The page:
Maybe the star player on your team ran in to her former boss at a conference and he begged her to join his team. Maybe a friend made a casual introduction. Maybe she entertained a conversation with a sharp recruiter. Whatever the catalyst, there probably is not much you could have done to prevent this from happening. If the employee was content before this new opportunity came along, you could make a quick counteroffer with a promotion and play up the comfort of staying with a company and boss she knows so well. If you are able to make this promotion counteroffer quickly and this employee really was worth it, then shame on you for not promoting her sooner. Lesson learned.

(5) Personal Reasons

Though this is often given as a reason why employees leave, it is far less common than you might think.  Often, employees try to keep reasons for leaving general and vague, and personal excuses are an easy way out during an uncomfortable resignation meeting. Perhaps her husband’s job moved out of state, or maybe his commute is killing him. Maybe she is leaving to earn her MBA or he wants to take a year to travel Asia.

When it comes to personal reasons, there isn’t much you can do. Retaining top talent is important to everyone. While keeping top talent is not always within your control, there are plenty of resources to ensure the long-term success of your team.

Conclusion

It’s always a good idea to think about why employees leave because thinking in these terms will help you keep a pulse on employee satisfaction. Doing so may take extra time out of your already busy days. However, finding and training new employees would likely be even more time consuming than keeping your current high-performers happy. In today’s corporate culture, employee loyalty is extremely rare. One way to ensure that your employees remain loyal to you is to show them that you care and that you’re truly invested in their career development.


About the Authors

 Olivia DeLuca

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As the East Coast practice lead for one of the country’s top executive search firms dedicated to digital business, Olivia DeLuca specializes in uncovering digital marketing and eCommerce talent nationwide. Olivia is based in Tampa and provides leadership consulting and team development expertise to Internet retailers, dot-com start-ups, Fortune 500 companies, marketing/advertising agencies and advertising technology providers by building marketing departments at all layers—from the C-level to associates.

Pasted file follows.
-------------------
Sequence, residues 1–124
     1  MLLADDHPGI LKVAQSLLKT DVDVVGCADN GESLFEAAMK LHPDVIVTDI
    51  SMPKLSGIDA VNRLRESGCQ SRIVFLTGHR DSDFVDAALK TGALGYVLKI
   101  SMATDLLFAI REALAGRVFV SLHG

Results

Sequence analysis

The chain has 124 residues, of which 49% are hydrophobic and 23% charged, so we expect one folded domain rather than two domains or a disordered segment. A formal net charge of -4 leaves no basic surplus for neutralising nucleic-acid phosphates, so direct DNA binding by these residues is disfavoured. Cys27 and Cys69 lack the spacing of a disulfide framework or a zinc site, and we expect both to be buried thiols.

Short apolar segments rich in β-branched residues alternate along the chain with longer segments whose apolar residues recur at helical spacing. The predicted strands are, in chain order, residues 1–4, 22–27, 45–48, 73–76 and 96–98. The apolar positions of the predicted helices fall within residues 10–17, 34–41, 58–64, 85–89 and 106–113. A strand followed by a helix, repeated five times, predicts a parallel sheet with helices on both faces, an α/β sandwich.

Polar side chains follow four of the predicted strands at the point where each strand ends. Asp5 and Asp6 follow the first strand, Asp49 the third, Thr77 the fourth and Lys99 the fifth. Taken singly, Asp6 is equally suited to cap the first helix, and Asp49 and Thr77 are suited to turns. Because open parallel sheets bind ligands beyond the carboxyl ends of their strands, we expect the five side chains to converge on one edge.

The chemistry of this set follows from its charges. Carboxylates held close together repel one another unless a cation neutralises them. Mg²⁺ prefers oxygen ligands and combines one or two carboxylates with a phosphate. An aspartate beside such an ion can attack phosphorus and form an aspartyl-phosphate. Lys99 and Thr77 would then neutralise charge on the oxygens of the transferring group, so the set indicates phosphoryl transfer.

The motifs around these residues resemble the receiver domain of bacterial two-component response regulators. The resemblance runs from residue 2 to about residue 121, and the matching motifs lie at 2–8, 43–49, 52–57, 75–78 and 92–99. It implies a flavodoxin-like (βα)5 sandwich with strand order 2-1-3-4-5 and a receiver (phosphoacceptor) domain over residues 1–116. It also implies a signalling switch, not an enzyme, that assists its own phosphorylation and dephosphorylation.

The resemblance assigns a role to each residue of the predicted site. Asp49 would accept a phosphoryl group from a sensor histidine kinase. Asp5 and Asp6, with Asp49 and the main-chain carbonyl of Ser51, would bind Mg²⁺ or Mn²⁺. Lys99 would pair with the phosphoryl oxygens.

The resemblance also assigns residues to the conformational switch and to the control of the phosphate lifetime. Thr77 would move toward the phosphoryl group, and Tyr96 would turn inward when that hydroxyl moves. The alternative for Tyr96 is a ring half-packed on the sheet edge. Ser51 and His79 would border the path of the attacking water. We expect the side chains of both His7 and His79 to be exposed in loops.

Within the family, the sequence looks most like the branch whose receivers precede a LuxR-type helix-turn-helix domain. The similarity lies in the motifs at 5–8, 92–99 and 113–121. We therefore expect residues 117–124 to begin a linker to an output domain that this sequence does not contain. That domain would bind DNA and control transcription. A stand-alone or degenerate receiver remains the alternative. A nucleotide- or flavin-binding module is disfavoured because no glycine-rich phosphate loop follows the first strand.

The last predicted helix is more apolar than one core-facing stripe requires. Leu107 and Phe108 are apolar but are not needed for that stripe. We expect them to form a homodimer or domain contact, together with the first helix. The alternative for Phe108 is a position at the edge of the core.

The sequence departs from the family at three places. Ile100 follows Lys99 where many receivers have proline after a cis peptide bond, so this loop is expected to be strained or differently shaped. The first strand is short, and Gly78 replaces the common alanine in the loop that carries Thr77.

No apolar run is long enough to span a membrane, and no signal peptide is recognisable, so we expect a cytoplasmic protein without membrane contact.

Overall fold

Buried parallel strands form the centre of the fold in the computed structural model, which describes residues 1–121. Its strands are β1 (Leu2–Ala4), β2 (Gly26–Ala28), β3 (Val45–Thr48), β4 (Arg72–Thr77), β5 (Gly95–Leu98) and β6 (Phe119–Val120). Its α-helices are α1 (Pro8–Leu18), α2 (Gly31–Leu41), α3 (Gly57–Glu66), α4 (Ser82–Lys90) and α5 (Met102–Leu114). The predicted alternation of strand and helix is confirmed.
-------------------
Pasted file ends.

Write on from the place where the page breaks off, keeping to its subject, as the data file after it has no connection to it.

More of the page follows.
Contact Olivia

Social Media: Linkedin

Chiara Tedone

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Chiara is Digital Content Creator and Blog Manager for AMA Tampa Bay. She is Co-founder and Director of Winning the Fight, a non-profit organization specializing in neurodegenerative disease research. Chiara is also a freelance digital marketer for small businesses and is finishing up her MBA with a specialty in marketing from the University of South Florida. Prior to moving to Florida, Chiara lived in Washington, DC. She earned her BA in International Studies from American University’s School of International Services in 2007 and worked for Booz Allen Hamilton and the Department of Defense thereafter. Her hobbies include obstacle racing, running, swimming, kayaking, SCUBA diving, and opera/classical singing. She also loves country music and chocolate!

Contact Chiara

Email: Chiara at [email protected]

Social Media: LinkedIn